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Despite evidence that some active substances in cannabis may support some aspects of health, many people who use this drug, and particularly those who smoke it, can develop symptoms of dependence. A new clinical trial shows that a safer, cannabis-based medication can counter this dependence.

The National Institute on Drug Abuse notes that about 30% of recreational cannabis users in the United States "may have some degree of marijuana use disorder" that symptoms of dependence often characterize. 

Dependence causes a person to compulsively seek the drug as they experience withdrawal symptoms when they do not have access to it. Irritability, sleep problems, and poor appetite can be among these symptoms.

Researchers from Australia’s University of Sydney and New South Wales Ministry of Health point out that existing treatments for cannabis dependence are not always effective.

To address this issue, the team tested a new medicinal drug that is meant to be more effective in treating cannabis dependence than existing therapies.

In a new clinical trial — whose results the researchers report in JAMA Internal Medicine — they assessed the drug's effectiveness and safety for humans. This new medication is a cannabinoid agonist drug consisting of a cannabis extract that works by interacting with cannabinoid receptors in the brain.

These receptors are part of the endocannabinoid system, and their main role is to synthesize the substances that form part of ingested cannabis. By targeting them, the researchers hope to reduce the rate of relapse of people who seek treatment for cannabis dependence.

"We've never had the evidence before that medication can be effective in treating cannabis dependency — this is the first big study to show this is a safe and effective approach," says lead author Professor Nick Lintzeris.

"The principles are very similar to nicotine replacement; you are providing patients with a medicine, which is safer than the drug they're already using, and linking this with medical and counseling support to help people address their illicit cannabis use," Prof. Lintzeris explains.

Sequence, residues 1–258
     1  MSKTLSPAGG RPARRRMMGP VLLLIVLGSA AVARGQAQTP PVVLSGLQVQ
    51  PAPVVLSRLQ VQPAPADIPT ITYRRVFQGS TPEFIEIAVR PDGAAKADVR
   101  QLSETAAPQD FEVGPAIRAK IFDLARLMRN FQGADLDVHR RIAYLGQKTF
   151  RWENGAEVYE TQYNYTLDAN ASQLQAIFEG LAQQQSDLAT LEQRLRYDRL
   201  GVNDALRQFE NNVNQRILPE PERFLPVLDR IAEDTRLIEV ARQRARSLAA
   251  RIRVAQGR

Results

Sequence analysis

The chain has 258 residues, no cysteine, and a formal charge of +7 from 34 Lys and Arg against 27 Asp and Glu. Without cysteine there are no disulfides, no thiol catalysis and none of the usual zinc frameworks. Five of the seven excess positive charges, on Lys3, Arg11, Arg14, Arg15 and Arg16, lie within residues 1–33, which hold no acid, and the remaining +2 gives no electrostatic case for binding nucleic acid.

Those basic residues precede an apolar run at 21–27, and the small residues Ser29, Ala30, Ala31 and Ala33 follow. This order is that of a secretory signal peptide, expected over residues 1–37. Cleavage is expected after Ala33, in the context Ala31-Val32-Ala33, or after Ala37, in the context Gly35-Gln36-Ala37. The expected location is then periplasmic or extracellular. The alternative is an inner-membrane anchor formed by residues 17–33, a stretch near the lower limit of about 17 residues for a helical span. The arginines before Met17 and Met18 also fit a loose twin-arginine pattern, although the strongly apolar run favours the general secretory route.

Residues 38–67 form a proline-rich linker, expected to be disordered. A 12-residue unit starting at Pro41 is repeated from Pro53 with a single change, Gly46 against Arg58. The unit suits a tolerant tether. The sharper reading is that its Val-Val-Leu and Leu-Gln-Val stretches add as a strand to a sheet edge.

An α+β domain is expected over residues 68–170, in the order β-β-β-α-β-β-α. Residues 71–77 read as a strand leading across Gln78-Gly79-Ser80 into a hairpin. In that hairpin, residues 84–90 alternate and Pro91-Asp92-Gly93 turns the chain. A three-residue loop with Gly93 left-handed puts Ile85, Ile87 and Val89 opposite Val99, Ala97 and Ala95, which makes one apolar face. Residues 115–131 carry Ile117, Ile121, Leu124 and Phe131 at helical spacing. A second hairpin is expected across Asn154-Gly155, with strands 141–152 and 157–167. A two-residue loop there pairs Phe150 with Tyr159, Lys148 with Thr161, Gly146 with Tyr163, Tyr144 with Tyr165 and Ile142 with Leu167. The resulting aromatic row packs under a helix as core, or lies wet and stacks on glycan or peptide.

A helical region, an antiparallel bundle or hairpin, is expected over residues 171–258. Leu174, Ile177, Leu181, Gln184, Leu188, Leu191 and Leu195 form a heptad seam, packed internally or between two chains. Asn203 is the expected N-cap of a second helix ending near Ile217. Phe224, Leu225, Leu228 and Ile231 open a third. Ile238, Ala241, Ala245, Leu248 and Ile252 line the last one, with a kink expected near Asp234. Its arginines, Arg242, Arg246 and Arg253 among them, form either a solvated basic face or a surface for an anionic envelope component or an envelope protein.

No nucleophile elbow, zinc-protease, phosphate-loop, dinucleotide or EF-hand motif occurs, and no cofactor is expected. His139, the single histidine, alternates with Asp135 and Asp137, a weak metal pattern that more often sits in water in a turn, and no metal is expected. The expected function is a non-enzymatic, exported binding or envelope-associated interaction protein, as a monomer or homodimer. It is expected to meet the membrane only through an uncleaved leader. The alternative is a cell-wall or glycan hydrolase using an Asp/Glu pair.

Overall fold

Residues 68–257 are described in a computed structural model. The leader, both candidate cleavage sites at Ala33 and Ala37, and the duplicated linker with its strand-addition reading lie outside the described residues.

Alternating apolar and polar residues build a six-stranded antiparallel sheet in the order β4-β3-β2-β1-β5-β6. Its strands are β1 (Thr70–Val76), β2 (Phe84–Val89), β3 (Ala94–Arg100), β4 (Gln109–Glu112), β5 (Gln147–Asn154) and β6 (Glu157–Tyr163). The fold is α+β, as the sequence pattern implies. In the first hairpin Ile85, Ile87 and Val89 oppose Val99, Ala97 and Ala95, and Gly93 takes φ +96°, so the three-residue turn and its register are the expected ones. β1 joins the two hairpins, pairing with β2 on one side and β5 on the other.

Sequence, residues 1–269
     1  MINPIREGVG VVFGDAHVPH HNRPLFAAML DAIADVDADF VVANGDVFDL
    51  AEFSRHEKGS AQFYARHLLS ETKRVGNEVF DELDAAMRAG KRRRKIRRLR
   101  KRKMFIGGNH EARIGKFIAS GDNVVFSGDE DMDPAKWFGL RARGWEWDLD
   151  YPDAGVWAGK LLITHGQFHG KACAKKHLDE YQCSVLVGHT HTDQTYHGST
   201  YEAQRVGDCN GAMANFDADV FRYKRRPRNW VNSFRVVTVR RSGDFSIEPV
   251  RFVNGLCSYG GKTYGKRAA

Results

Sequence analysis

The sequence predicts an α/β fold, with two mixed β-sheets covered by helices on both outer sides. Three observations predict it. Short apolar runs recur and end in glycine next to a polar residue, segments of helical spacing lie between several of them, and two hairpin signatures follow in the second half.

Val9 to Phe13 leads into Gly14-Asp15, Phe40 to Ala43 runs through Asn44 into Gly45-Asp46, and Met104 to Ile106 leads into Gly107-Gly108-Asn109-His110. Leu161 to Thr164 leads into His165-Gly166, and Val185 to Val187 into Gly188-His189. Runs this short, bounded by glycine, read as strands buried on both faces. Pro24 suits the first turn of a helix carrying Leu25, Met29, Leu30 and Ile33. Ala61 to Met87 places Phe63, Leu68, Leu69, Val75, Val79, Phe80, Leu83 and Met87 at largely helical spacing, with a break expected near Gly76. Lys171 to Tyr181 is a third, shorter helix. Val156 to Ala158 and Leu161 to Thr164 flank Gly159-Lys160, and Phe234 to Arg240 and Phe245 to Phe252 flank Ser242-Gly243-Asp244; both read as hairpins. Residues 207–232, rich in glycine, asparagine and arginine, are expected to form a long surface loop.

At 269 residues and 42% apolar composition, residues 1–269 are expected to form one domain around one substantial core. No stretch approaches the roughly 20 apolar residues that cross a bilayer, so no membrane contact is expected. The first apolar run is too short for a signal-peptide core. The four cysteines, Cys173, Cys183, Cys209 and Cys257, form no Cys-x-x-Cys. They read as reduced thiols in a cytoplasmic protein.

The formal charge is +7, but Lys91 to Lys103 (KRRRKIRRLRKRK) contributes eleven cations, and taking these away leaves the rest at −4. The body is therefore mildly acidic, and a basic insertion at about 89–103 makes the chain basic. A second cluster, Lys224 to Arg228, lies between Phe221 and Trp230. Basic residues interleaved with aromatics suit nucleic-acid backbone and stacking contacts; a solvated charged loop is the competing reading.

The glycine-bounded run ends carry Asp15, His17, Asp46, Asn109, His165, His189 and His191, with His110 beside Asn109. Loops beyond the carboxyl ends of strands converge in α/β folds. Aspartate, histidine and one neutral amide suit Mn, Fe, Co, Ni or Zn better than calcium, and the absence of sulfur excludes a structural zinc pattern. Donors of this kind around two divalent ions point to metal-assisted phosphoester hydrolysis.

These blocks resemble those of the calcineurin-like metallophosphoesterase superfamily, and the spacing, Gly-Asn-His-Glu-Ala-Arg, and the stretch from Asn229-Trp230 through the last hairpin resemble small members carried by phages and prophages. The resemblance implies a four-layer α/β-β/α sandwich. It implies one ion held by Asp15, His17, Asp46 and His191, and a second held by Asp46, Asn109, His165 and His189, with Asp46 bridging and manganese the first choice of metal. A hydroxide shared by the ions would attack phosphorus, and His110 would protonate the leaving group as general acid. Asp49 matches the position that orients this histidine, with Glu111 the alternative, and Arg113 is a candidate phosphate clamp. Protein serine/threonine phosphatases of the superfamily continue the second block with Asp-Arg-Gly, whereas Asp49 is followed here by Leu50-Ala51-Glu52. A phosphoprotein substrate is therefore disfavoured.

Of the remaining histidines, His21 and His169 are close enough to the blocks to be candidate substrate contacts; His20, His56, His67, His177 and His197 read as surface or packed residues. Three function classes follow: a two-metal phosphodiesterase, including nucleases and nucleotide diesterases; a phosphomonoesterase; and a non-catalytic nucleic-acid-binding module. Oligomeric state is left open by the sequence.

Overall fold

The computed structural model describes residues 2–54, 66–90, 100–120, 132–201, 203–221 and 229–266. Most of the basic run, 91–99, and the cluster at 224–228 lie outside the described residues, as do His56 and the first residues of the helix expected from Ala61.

Prof. Lintzeris and team tested this drug in 128 volunteers — 30 women and 98 men — with a mean age of 35 years. All the participants were recreational cannabis users who had sought treatment for dependence but who had previously been unsuccessful in stopping their recreational drug use.The researchers gave the nabiximols medication to the participants over 12 weeks. The users administered the drug in spray form, delivering it orally, under the tongue. The researchers gave each participant an average dose of 18 sprays per day; each spray was 0.1 milliliters, containing 2.7 milligrams (mg) of THC and 2.5 mg of CBD.

Prof. Lintzeris and his team followed up with the participants at baseline, and then again after two, 4, eight, and 12 weeks. Throughout the trial period, the participants also had cognitive behavioral therapy(CBT) and other forms of therapeutic support, as necessary.

The current results come hot on the heels of another study that the same research team led, which showed that nabiximols effectively reduced cannabis withdrawal symptoms in a short-term, in-hospital treatment program. 

However, the latest study, "is even more important in that it shows that nabiximols can be effective in helping patients achieve longer term changes in their cannabis use," Prof. Lintzeris emphasizes.

"Our study is an important step in addressing the lack of effective treatments — currently, four in five patients relapse to regular use within six months of medical or psychological interventions," he continued.

Source: https://www.medicalnewstoday.com/articles/325775.php

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